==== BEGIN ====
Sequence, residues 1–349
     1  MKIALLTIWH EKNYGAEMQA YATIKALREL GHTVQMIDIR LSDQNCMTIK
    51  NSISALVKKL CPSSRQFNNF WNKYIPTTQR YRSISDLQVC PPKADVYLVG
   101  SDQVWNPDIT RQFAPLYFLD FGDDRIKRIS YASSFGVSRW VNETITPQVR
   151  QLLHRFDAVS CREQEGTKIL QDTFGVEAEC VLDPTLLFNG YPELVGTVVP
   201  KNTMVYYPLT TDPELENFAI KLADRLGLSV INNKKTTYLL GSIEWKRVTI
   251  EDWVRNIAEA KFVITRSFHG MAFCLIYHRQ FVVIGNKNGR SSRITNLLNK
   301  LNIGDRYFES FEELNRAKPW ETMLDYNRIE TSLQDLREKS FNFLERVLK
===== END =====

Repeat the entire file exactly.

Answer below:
Sequence, residues 1–349
     1  MKIALLTIWH EKNYGAEMQA YATIKALREL GHTVQMIDIR LSDQNCMTIK
    51  NSISALVKKL CPSSRQFNNF WNKYIPTTQR YRSISDLQVC PPKADVYLVG
   101  SDQVWNPDIT RQFAPLYFLD FGDDRIKRIS YASSFGVSRW VNETITPQVR
   151  QLLHRFDAVS CREQEGTKIL QDTFGVEAEC VLDPTLLFNG YPELVGTVVP
   201  KNTMVYYPLT TDPELENFAI KLADRLGLSV INNKKTTYLL GSIEWKRVTI
   251  EDWVRNIAEA KFVITRSFHG MAFCLIYHRQ FVVIGNKNGR SSRITNLLNK
   301  LNIGDRYFES FEELNRAKPW ETMLDYNRIE TSLQDLREKS FNFLERVLK